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Tijdschrift voor Psychiatrie 56 (2014) 3, 201 - 205

Short report

Impulse-control disorders and behavioural and personality disorders in DSM-5: no more age-limits or rigid category boundaries

H.J.C. van Marle

background In the last edition of the dsm the externalising disorders have been fundamentally changed and have been separated from the neurodevelopmental disorders. aim To make a detailed study of the principal changes. method The old and new criteria for the behavioral disorders are compared and tested on the basis of their clinical utility, which is the underlying principle of the new dsm-5. results More justice had been done to the gradual transition from symptoms of personality disorders to the illness itself. This has been done by placing the transition under the heading ‘boundary-crossing behaviour’ and by removing the rule that no-one under the age of 18 can be diagnosed as having a personality disorder. For personality disorders, the old category has been retained but a new one is proposed. conclusion In the 5th edition of the dsm the classification of behavioral disorders is much better and clearer than in the 4th edition. Careful attention has been given to the need to ensure that the severity of a patient’s illness play a major role in the diagnosis. The classification of the personality disorders still needs further discussion.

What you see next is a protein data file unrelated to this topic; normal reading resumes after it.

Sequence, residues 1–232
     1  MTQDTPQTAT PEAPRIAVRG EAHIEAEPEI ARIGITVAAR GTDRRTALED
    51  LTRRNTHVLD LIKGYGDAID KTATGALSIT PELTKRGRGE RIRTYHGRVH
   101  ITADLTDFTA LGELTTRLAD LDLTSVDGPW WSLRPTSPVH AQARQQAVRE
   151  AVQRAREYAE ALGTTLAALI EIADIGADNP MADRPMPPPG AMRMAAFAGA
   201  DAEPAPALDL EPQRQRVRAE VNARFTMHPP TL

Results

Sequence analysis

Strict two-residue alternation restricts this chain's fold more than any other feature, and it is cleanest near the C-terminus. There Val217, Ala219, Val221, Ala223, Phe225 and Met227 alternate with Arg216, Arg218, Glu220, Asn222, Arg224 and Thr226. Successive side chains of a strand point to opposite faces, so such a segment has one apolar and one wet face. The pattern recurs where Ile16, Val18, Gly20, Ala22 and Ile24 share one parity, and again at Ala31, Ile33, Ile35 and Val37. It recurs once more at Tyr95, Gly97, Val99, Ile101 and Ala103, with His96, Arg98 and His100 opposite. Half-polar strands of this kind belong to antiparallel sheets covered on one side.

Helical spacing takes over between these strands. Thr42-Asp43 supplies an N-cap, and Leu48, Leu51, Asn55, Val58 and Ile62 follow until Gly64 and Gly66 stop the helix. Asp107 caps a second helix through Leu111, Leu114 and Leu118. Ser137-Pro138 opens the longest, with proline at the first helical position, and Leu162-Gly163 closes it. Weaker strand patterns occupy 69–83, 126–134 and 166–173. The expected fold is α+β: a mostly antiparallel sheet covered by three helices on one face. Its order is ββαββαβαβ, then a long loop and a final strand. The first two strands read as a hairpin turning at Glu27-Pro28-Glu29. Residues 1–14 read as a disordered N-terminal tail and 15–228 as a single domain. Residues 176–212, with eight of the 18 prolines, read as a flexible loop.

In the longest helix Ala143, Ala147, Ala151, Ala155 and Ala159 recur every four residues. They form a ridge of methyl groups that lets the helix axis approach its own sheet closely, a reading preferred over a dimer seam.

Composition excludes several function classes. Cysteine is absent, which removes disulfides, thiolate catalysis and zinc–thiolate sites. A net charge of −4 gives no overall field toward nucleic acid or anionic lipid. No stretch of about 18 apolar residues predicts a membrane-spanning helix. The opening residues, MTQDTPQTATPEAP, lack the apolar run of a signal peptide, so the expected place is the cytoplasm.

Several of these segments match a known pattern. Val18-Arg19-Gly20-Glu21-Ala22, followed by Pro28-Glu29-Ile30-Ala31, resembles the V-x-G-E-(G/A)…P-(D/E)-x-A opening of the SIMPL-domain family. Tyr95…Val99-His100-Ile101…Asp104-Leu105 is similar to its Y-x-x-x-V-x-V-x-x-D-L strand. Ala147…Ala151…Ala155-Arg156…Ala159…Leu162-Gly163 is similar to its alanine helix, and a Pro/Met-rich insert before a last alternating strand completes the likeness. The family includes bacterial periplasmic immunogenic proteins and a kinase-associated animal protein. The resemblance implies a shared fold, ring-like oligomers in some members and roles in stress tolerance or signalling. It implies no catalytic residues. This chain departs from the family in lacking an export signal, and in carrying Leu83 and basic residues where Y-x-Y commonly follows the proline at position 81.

keywords clinical utility, DSM-5, externalising disorders, disruptive, impuls-control and conduct disorders, personality disorders